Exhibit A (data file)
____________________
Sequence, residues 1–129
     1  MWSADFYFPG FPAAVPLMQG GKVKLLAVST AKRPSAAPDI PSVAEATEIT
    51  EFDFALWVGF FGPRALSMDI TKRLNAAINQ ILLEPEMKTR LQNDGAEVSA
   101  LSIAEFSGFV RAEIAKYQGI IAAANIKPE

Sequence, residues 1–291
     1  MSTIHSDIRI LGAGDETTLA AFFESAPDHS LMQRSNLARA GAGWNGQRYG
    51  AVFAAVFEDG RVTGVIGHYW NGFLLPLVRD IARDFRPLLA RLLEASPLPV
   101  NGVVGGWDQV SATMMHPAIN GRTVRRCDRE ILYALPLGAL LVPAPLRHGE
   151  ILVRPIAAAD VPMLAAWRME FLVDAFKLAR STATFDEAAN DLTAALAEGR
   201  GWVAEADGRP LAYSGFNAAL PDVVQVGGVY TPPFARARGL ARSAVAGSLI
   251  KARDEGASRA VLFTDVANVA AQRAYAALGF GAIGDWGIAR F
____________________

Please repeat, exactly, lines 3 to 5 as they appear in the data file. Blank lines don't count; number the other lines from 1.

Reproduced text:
    51  EFDFALWVGF FGPRALSMDI TKRLNAAINQ ILLEPEMKTR LQNDGAEVSA
   101  LSIAEFSGFV RAEIAKYQGI IAAANIKPE

Sequence, residues 1–291